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The Royal College of Psychiatrists Improving the lives of people with mental illness

The Falling

IntroductionThe Falling

The Falling, written and directed by Carol Morley, was released in the UK in April 2015. Inspired by events that have taken place in several girls’ schools in the past decades, this psychological drama is set in 1969 and examines an epidemic of fainting and twitching amongst a group of 16 year-old pupils that begins after the tragic death of a popular but rebellious girl, Abbie Mortimer. With accomplished performances from Maisie Williams as Lydia and Florence Pugh as Abbie, this coming of age story explores collective grief in a close community constrained by the social and emotional norms of 1960s Britain. The Falling was filmed in a real school although Morley manages to create a somewhat strange and fantastical atmosphere, enhanced by the brilliant film music and songs composed by Tracey Thorn.


The Film

The Falling opens with an idyllic rural scene at a girls’ school, in which best friends Lydia and Abbie are forced to acknowledge the changes in their close bond now that Abbie has begun to have sexual relationships with boys. Lydia subsequently learns that Abbie is involved with her brother Kenneth too and this makes her feelings of rejection all the more painful, despite her best friend’s protestations that it will not damage their friendship. Set in the context of the rule-bound controlling environment of their school, in which even the length of Abbie’s skirt is measured by a teacher during a lesson, her rebellious behaviour is shown to be a major influence on the other girls in her group.

Unfortunately, Abbie becomes pregnant and her health is seriously affected resulting in her ultimately tragic sudden death witnessed by Lydia and the member of staff who had set them both after school detention. Lydia is devastated by her loss and unable to get the emotional support that she needs to process her feelings from her mother Eileen, who suffers from agoraphobia, or from anyone at school. With the anger and sadness of her grief unresolved, Lydia suffers a fainting episode at school in front of her class. Other pupils follow in having similar attacks, beginning the narrative that this epidemic may be infectious in some way. When a member of staff also has an attack, the affected girls are seen by a doctor for an examination but no medical reason is found to explain the episodes. There is only one pupil within the group who stays free of any fainting. She skeptically expresses the view that these attacks have no physical basis.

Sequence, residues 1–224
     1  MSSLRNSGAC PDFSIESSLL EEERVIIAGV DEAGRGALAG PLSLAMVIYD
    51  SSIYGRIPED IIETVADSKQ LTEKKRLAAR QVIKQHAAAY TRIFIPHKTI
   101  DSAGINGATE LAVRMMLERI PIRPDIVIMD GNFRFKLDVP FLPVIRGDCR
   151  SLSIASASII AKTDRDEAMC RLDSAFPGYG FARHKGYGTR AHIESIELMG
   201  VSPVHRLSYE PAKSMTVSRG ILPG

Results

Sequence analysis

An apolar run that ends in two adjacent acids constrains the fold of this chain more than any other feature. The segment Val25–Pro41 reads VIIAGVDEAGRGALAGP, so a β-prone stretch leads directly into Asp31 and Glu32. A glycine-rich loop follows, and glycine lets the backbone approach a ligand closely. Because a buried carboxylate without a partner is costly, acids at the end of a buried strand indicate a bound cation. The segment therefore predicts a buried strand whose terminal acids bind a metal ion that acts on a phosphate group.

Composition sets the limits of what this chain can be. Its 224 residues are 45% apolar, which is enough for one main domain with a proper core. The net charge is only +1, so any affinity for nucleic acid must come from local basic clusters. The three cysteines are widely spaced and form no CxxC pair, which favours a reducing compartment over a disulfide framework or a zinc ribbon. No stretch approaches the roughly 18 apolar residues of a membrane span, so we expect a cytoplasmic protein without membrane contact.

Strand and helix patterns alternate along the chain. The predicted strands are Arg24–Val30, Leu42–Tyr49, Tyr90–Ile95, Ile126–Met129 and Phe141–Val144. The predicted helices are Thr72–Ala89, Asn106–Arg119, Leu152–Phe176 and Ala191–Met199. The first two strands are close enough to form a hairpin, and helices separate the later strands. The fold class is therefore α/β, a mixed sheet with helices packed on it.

Lydia later begins a dangerous exploration of her developing sexual feelings with her brother, perhaps also seeking a feeling of closeness to Abbie by replicating her relationship with Kenneth. However, when her mother discovers them together in bed in their home, a bubble is burst that takes the film into its final scenes.


Relevance to the Field of Mental Health

The Falling offers an opportunity to consider the topic of hysteria, currently referred to as a conversion disorder, which is classified as a dissociative (conversion) disorder in ICD-10 and falls within the Somatic Symptom Disorders in DSM-V. As Lydia is the first sufferer in the outbreak of fainting and twitching, and given that she was present when her best friend died, it might be argued that the precipitating factor for the outbreak is clearly one of loss. The fact that Lydia’s symptomatic presentation echoes those she sees Abbie suffer during her sudden death, might illustrate one of the psychoanalytic theories of conversion, namely that it serves as an identification with the lost object. In addition, Lydia’s difficult relationship with her emotionally unavailable mother, and later with her brother, are clearly important when considering the predisposing and perpetuating factors for her ongoing attacks. The film would certainly provide a platform to teach about the construction of a psychodynamic formulation for Lydia.

Watching the film alongside a reading of the article entitled Conversion disorder: the modern hysteria by Colm Owens and Simon Dein in Advances in Psychiatric Treatment Feb 2006, 12 (2) 152-157, would provide a useful basis for discussion about and comparison with how the DSM and ICD systems of classification deal with this group of disorders (although the 2006 article obviously deals with the earlier DSM-IV classification one could review both DSM-IV and DSM-V together examining the changes that have recently been made within that system).


• More information about The Falling can be found at IMDB, as can a short trailer.


The Falling is available to pre-order on dvd from


• Minds on Film is written by Consultant Psychiatrist, Dr Joyce Almeida


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About this blog


Minds on Film is a monthly blog that explores psychiatric conditions and mental health issues as portrayed in a selection of readily available films.

Please note that this blog may contain plot spoilers. Any views expressed are purely my own.

Dr Joyce Almeida
Dr Almeida is a consultant
psychiatrist working in the private sector in the UK.